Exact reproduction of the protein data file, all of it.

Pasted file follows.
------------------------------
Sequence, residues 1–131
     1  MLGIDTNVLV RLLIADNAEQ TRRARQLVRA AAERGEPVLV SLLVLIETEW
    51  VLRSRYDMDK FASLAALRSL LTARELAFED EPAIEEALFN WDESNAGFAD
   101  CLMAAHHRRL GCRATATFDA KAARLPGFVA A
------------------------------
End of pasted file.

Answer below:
Sequence, residues 1–131
     1  MLGIDTNVLV RLLIADNAEQ TRRARQLVRA AAERGEPVLV SLLVLIETEW
    51  VLRSRYDMDK FASLAALRSL LTARELAFED EPAIEEALFN WDESNAGFAD
   101  CLMAAHHRRL GCRATATFDA KAARLPGFVA A